A convenient protocol for screening the potential efficacy of scale inhibitors is described. All of the techniques used require relatively inexpensive equipment. Two types of scale are addressed in this paper, calcium carbonate and calcium oxalate, but the general procedures are expected to be applicable to inhibitor screening for others as well.
Chemical treatment of reservoir fluids within the wellbore is essential for the control of associated corrosion and scale deposition. The Wafra Risk Assessment was developed with the Likelihood of Failure (LoF) based on historical corrosion well workover failures and the Consequence of Failure (CoF) directly tied to oil daily oil production.
In a bioinspired approach, we have used (as scale inhibitors) several non-toxic, “green” polyelectrolytes that possess “active” chemical moieties, capable of stabilizing silicic acid, for a prolonged time period. These additives include either neutral or charged polymers that stabilize two soluble forms of “Si”, silicic and disilicic acids.
This CorrCompilation series focuses primarily on equilibrium-formed scales, where an aqueous fluid changes from an unsaturated equilibrium state to a saturated and supersaturated state and then solids may start to form. These types of fouling minerals include alkaline earth salts, silicates, alkaline salts (NaCl), sulfides, and under specific circumstances, metal sulfide salts that form through equilibrium changes. While corrosion product scales are not the subject of this book, the importance of corrosion product layers to the deposition of other scales will be described.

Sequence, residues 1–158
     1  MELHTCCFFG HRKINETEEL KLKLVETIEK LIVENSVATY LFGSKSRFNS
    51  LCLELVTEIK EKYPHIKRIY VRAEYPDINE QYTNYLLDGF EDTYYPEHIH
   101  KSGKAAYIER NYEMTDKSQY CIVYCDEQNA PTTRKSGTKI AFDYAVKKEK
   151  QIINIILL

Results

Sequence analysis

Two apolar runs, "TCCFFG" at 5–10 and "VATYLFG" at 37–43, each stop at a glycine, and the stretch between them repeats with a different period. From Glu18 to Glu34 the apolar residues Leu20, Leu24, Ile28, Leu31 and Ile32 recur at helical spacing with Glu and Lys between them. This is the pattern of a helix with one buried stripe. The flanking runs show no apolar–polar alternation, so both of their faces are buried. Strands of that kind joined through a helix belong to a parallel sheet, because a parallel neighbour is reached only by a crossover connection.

Since this is a CorrCompilation and more than 90 copies of NACE papers are included, the work is published in four volumes. The editor, Wayne W. Frenier, FNACE, provides an extensive introduction to each volume, offering the reader a thorough mix of history, theory, and engineering techniques and methods for addressing scale.
Volume 1: Introduction to Equipment Subject to Inorganic Scale
Volume 2: Current Mechanisms for Understanding Inorganic Scale Formation and Deposition
Volume 3: Chemistry and Application of Scale Inhibitors
Volume 4: Alternative Methods of Scale Control
Predicting where, when, and, most importantly, how much scale will deposit and adhere to a critical surface has proven to be very challenging. This second volume, "Current Mechanisms for Understanding Inorganic Scale Formation and Deposition," will review literature for both the formation and deposition of the primary fouling mineral scales, CaCO3, CaSO4(X•H2O), BaSO4, metal sulfides, and silica/silicates.